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Title: Rodent eosinophils and neutrophils : membrane receptors, effector functions and antigen differences
Author: López, A. F.
ISNI:       0000 0001 3612 6594
Awarding Body: London School of Hygiene & Tropical Medicine
Current Institution: London School of Hygiene and Tropical Medicine (University of London)
Date of Award: 1981
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Purification techniques were developed for mouse eosinophils and neutrophils. Membrane receptors on mouse eosinophils and neutrophils were studied by means of rosette formation, phagocytosis and and 51 Cr release assays using mouse complement and monoclonal IgM, IgGM, and IgG2b antibody-coated sheep erythrocytes. Eosinophils as well as neutrophils were found to possess complement and IgG receptors, with eosinophils showing higher complement and antibody requirements than neutrophils. Both cell types reacted more strongly with IgG2b than with the IgGl used, but it is unclear whether this is a subclass effect or a reflection of a different antibody density on the sheep red cell membrane. The possibility that lysis of trypanosomes in the acute phase of Trypanosoma cruzi infection may result in T.cruzi antigen coating of host cells, thus rendering them susceptible to the host effector mechanisms, was investigated. An in vitro model was used, in which mouse eosinophils and neutrophils were found to be cytotoxic against mouse cell lines coated with T.cruzi antigen in the presence of anti-T.cruzi antibody. The finding that eosinophils could kill mammalian cells led to experiments in which rat eosinophils, neutrophils and K cells were tested against antibody-coated mouse cell line cells. All three effector cells were found to be active against cells of lymphoid origin. Cytotoxicity by granulocytes was shown to be specific for the antibody-coated target cells and to depend on the type and concentration of the antibody preparation used. The production of a monospecific anti-eosinophil serum that would allow studies on the role of the eosinophil in experimental protozoan infections was attempted by hyperimmunizing rabbits with highly purified preparations of mouse eosinophils. The antisera thus obtained were found to cross-react with other leucocytes and, even after absorption with a range of mouse cells, no specificity for eosinophils was achieved. Monoclonal antibody techniques were then tried, and rat-mouse and rat-rat fusions produced several hybridomas secreting anti-eosinophil antibodies. One of these has been shown to be highly specific in vitro and to selectively deplete eosinophils in vivo.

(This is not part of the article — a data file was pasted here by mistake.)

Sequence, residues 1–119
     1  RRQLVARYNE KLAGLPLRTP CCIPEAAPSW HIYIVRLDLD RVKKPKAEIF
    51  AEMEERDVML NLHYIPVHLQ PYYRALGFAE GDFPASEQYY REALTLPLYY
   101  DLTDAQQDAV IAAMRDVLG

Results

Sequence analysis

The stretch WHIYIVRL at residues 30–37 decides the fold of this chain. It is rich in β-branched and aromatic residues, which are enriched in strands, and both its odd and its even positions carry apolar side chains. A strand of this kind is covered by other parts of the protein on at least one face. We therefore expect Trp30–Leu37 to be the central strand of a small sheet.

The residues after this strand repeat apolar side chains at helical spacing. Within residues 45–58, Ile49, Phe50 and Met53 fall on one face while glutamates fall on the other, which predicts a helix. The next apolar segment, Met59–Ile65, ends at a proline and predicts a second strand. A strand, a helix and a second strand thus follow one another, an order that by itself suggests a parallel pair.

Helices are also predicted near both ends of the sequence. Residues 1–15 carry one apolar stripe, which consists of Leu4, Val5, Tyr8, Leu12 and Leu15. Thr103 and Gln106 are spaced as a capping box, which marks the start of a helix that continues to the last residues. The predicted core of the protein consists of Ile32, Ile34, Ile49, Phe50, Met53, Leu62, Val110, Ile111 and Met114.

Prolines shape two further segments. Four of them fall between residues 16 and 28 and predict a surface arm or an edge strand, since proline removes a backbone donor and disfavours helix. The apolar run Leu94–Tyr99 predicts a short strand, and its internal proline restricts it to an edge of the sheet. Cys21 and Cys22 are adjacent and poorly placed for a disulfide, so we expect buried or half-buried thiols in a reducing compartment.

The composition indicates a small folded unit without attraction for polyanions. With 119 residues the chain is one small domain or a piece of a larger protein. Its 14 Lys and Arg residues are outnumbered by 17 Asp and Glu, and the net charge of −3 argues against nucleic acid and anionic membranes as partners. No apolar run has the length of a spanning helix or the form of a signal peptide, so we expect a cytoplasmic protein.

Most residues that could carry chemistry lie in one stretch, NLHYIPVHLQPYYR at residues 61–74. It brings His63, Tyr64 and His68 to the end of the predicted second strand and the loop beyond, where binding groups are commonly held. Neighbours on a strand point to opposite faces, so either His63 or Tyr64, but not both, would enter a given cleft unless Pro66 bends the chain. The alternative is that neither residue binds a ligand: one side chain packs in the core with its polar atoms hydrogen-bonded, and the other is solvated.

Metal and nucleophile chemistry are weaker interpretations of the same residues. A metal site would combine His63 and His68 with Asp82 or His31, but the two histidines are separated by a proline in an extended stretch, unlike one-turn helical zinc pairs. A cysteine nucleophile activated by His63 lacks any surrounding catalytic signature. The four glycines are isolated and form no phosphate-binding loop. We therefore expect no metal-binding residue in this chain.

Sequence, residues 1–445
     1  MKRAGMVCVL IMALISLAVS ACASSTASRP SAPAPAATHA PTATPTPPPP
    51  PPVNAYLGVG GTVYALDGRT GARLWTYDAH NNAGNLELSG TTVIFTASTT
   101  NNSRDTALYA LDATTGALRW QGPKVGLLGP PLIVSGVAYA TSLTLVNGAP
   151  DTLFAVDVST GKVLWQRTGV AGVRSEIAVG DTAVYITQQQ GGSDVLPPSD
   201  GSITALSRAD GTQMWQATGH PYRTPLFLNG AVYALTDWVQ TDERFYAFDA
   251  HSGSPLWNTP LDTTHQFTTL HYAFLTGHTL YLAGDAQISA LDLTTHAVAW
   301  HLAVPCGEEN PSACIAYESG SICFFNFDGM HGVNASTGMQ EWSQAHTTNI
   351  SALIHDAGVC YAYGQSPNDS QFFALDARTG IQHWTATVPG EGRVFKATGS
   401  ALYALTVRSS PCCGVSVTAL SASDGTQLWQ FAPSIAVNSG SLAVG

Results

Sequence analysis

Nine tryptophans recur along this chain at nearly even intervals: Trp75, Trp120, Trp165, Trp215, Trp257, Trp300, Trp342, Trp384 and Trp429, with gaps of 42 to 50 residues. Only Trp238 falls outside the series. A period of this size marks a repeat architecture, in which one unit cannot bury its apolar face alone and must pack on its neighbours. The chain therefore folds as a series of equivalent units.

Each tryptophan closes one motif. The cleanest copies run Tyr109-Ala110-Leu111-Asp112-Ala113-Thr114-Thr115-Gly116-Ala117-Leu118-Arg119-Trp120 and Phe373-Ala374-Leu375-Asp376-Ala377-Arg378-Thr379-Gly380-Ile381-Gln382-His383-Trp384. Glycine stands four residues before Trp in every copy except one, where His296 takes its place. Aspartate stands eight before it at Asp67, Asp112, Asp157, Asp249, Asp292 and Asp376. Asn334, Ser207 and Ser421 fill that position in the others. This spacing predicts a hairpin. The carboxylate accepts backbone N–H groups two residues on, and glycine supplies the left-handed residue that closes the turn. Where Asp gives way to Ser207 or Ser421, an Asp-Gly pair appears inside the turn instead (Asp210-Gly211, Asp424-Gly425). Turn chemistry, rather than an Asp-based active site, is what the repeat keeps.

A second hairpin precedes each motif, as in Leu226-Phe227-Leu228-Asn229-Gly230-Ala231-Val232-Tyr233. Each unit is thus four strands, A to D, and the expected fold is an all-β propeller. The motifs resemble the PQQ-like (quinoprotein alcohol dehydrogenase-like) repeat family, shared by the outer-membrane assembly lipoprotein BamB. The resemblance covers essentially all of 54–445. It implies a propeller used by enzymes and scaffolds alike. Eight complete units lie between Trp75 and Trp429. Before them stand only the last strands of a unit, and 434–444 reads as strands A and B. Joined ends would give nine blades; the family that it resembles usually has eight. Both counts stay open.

Supervisor: Sanderson, C. J. Sponsor: Not available
Qualification Name: Thesis (Ph.D.) Qualification Level: Doctoral
Keywords: Zoology